Milwaukee 18v batteries

Hi:
Has anyone else had problems with short life on Milwaukee 18v 2.4amp batteries?
I have had two go dead in less than 18 months. At $80-100 bucks apiece it gets to be a bad economic situation.
I love my 18v Milwaukee drill but the batteries kind of suck
Ole
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Nope, but I had problems with short life on Milwaukee 12V batteries, so I bought an 18V Makita to replace the drill.

Exactly.

FWIW, the Makita is going on year #3 with no battery life problems. Hard to say why or if it's a fair comparison, but there it is.
Dave Hinz
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That sounds like a relative short life and especially for Milwaukee. BUT it has been documented that the larger voltage the battery pack and with more constant use and recharging the battery gets hot. With more cells in a 18 volt model vs. a 12 volt model the heat tends to store longer and cool down slower. Heat is bad for batteries.
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the problem is not heat so much as the number of cells. no matter what brand or quality cells can go bad. the more cells per pack the bigger the change you have of having a bad cell. so the bigger the drill the more chance of failure.
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Here's a little note on Milwaukee batteries.
==================================================DISCLAIMER
If you don't know what you are doing ... stop here. Do NOT continue.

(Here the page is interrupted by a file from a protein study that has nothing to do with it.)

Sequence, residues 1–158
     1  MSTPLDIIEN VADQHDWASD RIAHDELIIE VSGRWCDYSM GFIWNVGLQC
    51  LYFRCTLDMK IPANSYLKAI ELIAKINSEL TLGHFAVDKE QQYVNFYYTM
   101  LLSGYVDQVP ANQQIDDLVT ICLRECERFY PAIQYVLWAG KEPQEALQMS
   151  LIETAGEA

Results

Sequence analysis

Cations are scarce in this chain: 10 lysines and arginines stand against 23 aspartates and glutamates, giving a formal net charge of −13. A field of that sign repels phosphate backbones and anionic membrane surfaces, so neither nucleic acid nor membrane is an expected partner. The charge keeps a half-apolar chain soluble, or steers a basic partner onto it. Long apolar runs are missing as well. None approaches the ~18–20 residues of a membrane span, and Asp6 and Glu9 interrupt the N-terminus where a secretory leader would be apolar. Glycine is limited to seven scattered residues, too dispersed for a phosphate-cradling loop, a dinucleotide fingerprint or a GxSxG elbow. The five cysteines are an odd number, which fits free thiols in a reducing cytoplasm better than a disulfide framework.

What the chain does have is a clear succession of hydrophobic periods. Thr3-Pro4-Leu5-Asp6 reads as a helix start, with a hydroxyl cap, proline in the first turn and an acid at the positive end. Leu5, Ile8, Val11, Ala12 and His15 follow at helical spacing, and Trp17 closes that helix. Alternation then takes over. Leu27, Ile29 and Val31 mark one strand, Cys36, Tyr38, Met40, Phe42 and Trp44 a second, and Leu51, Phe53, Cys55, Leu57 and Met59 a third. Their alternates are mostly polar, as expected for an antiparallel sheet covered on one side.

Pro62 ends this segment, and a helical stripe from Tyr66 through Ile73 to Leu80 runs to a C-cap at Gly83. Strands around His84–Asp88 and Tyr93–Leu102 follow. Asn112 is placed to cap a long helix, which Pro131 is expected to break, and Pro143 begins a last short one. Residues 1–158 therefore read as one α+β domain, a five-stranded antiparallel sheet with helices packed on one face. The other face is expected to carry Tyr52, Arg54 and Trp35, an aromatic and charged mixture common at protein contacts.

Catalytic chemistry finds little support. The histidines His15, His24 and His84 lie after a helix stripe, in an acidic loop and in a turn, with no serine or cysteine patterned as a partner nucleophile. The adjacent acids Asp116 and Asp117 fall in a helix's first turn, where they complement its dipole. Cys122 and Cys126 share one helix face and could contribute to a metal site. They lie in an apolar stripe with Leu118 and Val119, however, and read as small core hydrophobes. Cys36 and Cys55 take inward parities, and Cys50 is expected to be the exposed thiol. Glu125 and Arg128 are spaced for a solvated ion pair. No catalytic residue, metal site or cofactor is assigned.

Assume full responsibility for your actions.
================================================== There ... that's out of the way.
About a month ago my boss and I were at a customer's facility and when he pulled the drill out of the bag of tools, the battery was flat. No big deal, swap batteries, and pop the discharged on the charger.
(right about now some wise ass is going to say " duh ... is THAT what you have to do? " ... don't bother )
The discharged battery would not take a charge. Mind you, we used these batteries HARD ... but I didn't think they'd up and quit like that. I expect a loss of capacity over the life of a battery pack ... not an abrupt failure.
We opened the battery up to check for a blown fuse (no fuse). Here's where the knowing what you are doing part comes in.
The battery was REALLY discharged, and the charger depends on having SOME voltage to detect a battery ready to accept a charge. Run your battery below this point and you have to charge it a little differently.
I had my lab power supply (it doesn't power the lab ... it is USED in the lab) ... it provides 0-20 volts at 0-2 amps, and is both voltage AND current regulated. I set the supply for 20 volts and limited the current to around 0.5 amps (500 mA for those who REALLY know what's up). I gave the battery a slow charge for about 30 minutes, then popped it onto the Milwaukee charger.
The Milwaukee charger was now able to detect the battery and quickly recharged the battery. No great loss of capacity (that we can observe without test equipment), and no further issues.
If you don't have a regulated power supply, you might try jumping this battery with a good one (be sure to get the polarity correct). Be sure to current limit (such as with a pair of 12 volt light bulbs in series with the lead). You DON'T want to dump all the good battery can deliver into the bad battery ... that's not a good thing.
*****
Oh, and before I forget ... always take the battery off the tool before storing. The drill trigger lock on our drill has worn, and the trigger got pressed traveling from site to site.
HTH
Rick
( and here's hoping that there is something in the charger manual about this ... but since the tools are 600 miles away right now I can't read the thing and tell you.)

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ole wrote:

I've one of the two that seems intermittent...occasionally it won't charge at all, but then again, it seems just fine....assume there must be an intermittent inside...
Other than that, they both hold fine and have been used heavily for about 18 mo now...